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 Problem Statement for TPS

Problem Statement

    Treeland has N cities, numbered 0 through N-1. There are N-1 undirected roads, each connecting a pair of cities. The roads form a tree. (I.e., each pair of cities is connected via some sequence of roads.)

You are given a String linked with N elements, each consisting of N characters. There is a road between city i and city j if and only if linked[i][j] is 'Y'. In all other cases linked[i][j] is 'N'.

The inhabitants of Treeland want to create the Treeland Positioning System (TPS). TPS will be a system that will help people determine which city they are in. The system will consist of K labeled beacons. Each beacon will be located in one of the cities. When a person turns on their TPS receiver, it will determine its distance to each of the beacons. (The distance is measured as the number of roads the person would have to use in order to reach the beacon.)

Obviously, TPS will only be usable if different cities correspond to different readings on the receiver. In other words, the number K and the placement of beacons must be such that there are no two cities where the receiver will report the same sequence of values. (Note that the beacons can be distinguished. See Example 1.)

Return the minimal possible value of K.


Method signature:int minimalBeacons(String[] linked)
(be sure your method is public)


-N will be between 1 and 50, inclusive.
-linked will contain N elements.
-Each element of linked will contain N characters.
-Each character of each element of linked will be either 'Y' or 'N'.
-For each i and j, if linked[i][j] is 'Y' then linked[j][i] is 'Y'.
-For each i, linked[i][i] will be 'N'.
-The graph described by linked will be a tree with N nodes.


Returns: 1
There are 4 cities and 3 roads: 0-1-2-3. One possible solution is to put a beacon in city 0. Then city i will have distance i from that beacon, and they are distinguishable.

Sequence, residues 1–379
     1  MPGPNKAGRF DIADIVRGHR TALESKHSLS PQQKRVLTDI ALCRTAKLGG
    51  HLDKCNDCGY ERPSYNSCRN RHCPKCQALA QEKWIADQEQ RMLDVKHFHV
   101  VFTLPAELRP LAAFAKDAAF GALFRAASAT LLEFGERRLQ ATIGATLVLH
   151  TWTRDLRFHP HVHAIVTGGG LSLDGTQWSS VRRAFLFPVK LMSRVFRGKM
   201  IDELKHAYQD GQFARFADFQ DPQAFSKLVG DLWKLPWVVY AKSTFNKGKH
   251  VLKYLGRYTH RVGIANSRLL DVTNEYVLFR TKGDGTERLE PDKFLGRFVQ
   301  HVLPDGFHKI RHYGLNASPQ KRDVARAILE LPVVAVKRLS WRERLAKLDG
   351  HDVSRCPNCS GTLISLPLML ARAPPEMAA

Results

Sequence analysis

Returns: 2
There are also 4 cities. The road network looks as follows:
1 - 0 - 2
1 beacon is not enough, for example:
  • If it is located in city 0, then cities 1,2 and 3 all have distance 1 from that beacon, they are not distinguishable.
  • If it is located in city 1, then cities 2, 3 all have distance 2 from that beacon, they are not distinguishable.
2 beacons are enough. For example, we can place them into cities 1 and 2. Then:
  • If we are in city 0 the receiver will show the distances 1, 1.
  • If we are in city 1 the receiver will show the distances 0, 2.
  • If we are in city 2 the receiver will show the distances 2, 0.
  • If we are in city 3 the receiver will show the distances 2, 2.
In each city the receiver shows a different sequence of distances.
Returns: 2
The graph looks as follows:
0           1
|           |
2 - 3 - 4 - 5
|   |   |   |
6   7   8   9
One optimal solution is to put beacons into cities 0 and 1.
Returns: 3
The graph looks as follows:
3   4   5
|   |   |
0 - 1 - 2
|   |   |
6   7   8
Returns: 8
Returns: 0
We don't need any beacon at all, since there is only 1 city.

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This problem was used for:
       Single Round Match 598 Round 1 - Division I, Level Three